NORTH PHILADELPHIA (WPVI) -- As a year of deepening criminalization of immigrant communities under the Trump Administration comes to a close, Carmela, an undocumented mother from Mexico, and her undocumented four children are taking Sanctuary in a public act of civil disobedience.
They are resisting deportation orders and challenging the injustices of the immigration systems at large.
Carmela and her four children will eat and sleep at the Church of the Advocate where they sought sanctuary Wednesday.
They intend to stay as long as necessary as she and her children fight to be granted asylum, get permission to stay here in the US, and avoid deportation.
This morning, the Reverend McKenzie welcomed Carmela and her four children, two girls and two boys ranging in age from 9-15 to the Church of the Advocate at 1801 Diamond in North Philadelphia.
"Carmela and your family - you are welcome to have sanctuary here the Church of the Advocate," said Reverend Dr. Renee McKenzie. "We are pleased to be able to welcome you."
Carmela, an undocumented immigrant from Mexico, and her undocumented children asked the church to take them in as the family fights deportation orders.
"This is an important thing that we are doing here today," said Rev. McKenzie. "We recognize that because we are standing in solidarity with people who deserve as much as and more than what all of us has."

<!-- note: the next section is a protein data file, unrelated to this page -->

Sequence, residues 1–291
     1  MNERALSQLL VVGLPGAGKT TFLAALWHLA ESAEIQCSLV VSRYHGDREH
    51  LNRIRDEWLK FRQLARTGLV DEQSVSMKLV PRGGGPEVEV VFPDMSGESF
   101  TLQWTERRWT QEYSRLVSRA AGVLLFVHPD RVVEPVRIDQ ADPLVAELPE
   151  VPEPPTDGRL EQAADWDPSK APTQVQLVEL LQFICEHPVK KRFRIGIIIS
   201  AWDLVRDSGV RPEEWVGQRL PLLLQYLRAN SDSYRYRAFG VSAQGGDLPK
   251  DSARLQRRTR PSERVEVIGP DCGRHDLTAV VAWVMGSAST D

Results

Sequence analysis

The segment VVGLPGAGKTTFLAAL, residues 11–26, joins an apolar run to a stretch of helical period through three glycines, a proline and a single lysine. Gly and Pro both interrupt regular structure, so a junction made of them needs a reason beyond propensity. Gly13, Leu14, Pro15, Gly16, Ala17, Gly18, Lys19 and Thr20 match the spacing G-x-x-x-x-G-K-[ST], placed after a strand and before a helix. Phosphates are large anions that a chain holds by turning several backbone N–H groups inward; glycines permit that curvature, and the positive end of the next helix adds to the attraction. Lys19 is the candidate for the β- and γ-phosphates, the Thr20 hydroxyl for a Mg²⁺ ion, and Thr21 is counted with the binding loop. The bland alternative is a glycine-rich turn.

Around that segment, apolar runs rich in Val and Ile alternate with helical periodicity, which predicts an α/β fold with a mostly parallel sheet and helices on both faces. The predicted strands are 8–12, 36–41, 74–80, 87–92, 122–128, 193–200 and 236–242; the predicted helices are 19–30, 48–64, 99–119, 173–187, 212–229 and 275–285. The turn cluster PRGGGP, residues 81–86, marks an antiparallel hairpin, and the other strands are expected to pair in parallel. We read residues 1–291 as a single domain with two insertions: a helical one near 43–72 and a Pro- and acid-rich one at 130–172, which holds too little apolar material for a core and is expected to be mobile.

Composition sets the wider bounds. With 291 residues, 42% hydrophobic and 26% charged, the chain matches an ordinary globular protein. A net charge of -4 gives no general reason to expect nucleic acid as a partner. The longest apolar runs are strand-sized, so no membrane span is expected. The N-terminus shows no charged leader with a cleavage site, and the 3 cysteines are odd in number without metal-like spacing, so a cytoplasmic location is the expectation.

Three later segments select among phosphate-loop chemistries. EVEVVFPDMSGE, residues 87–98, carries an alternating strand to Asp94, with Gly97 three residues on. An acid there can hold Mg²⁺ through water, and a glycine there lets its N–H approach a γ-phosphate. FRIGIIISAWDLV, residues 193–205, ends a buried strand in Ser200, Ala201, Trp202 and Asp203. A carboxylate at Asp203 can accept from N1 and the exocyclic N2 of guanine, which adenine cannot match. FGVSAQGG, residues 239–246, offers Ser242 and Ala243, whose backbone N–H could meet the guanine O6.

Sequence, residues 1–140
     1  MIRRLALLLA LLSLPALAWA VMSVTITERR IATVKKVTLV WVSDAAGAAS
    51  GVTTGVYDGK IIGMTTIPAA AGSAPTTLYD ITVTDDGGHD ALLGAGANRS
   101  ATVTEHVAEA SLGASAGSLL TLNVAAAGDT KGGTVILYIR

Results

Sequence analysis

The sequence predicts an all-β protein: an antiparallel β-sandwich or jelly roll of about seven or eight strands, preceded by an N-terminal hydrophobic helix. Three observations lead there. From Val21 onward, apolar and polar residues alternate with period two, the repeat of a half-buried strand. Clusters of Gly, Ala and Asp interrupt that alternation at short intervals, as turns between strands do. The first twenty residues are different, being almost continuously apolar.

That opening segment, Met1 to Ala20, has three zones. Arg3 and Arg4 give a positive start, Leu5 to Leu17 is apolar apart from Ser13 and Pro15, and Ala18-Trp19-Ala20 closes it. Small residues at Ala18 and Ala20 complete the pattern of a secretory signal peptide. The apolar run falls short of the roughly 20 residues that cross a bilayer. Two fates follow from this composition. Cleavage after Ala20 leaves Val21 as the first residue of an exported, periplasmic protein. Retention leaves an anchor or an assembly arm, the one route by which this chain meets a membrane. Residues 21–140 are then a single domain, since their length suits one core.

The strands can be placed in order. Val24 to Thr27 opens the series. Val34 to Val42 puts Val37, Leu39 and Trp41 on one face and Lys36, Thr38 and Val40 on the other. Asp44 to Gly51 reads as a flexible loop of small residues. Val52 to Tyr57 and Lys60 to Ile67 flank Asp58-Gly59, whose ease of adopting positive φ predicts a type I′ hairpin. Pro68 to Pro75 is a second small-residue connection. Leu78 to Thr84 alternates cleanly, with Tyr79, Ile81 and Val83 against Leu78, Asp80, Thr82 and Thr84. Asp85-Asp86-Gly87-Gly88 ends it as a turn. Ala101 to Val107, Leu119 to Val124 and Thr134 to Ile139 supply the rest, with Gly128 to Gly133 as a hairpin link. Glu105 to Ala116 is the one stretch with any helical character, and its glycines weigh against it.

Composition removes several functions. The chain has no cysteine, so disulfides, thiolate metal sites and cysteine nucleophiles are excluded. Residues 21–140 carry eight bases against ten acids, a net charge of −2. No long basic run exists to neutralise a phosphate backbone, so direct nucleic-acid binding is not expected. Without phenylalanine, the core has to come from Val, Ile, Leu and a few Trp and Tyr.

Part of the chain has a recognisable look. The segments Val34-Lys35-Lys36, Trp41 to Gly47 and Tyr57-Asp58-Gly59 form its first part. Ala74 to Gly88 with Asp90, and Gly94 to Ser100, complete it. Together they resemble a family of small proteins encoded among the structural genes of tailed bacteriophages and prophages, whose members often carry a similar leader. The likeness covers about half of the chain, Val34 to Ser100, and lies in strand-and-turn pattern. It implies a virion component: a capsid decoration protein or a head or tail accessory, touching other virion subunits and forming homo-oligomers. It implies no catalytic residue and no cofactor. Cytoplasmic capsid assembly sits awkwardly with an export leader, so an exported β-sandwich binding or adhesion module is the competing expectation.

Carmela came here two years ago. She told the group assembled at the church that she fears what will happen if she and her children are forced to return to Mexico.
"I was being extorted and facing death threats so I can't go back," she said.
Sheila Quintana is with the New Sanctuary Movement of Philadelphia, a faith-based immigrant rights organization that coordinated Carmela's refuge at the church.
"Carmela was living in Vineland, NJ and she spent 8 days knocking on church doors in NJ and then ended up in PA," said Quintana. "When she came to Philly, she knocked on several of our members in North Philly who then reached out to us."
Carmela has been seeking asylum in the US for 2 years now - and she will remain here at the Church of the Advocate while her legal battle continues.
"I am doing this so that my protest will be heard, so that I can fight for my family," she said.
This is the third sanctuary case here in Philadelphia in recent years. Both other cases were successful in winning reprieves from deportation.
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Family seeks asylum in North Philly church
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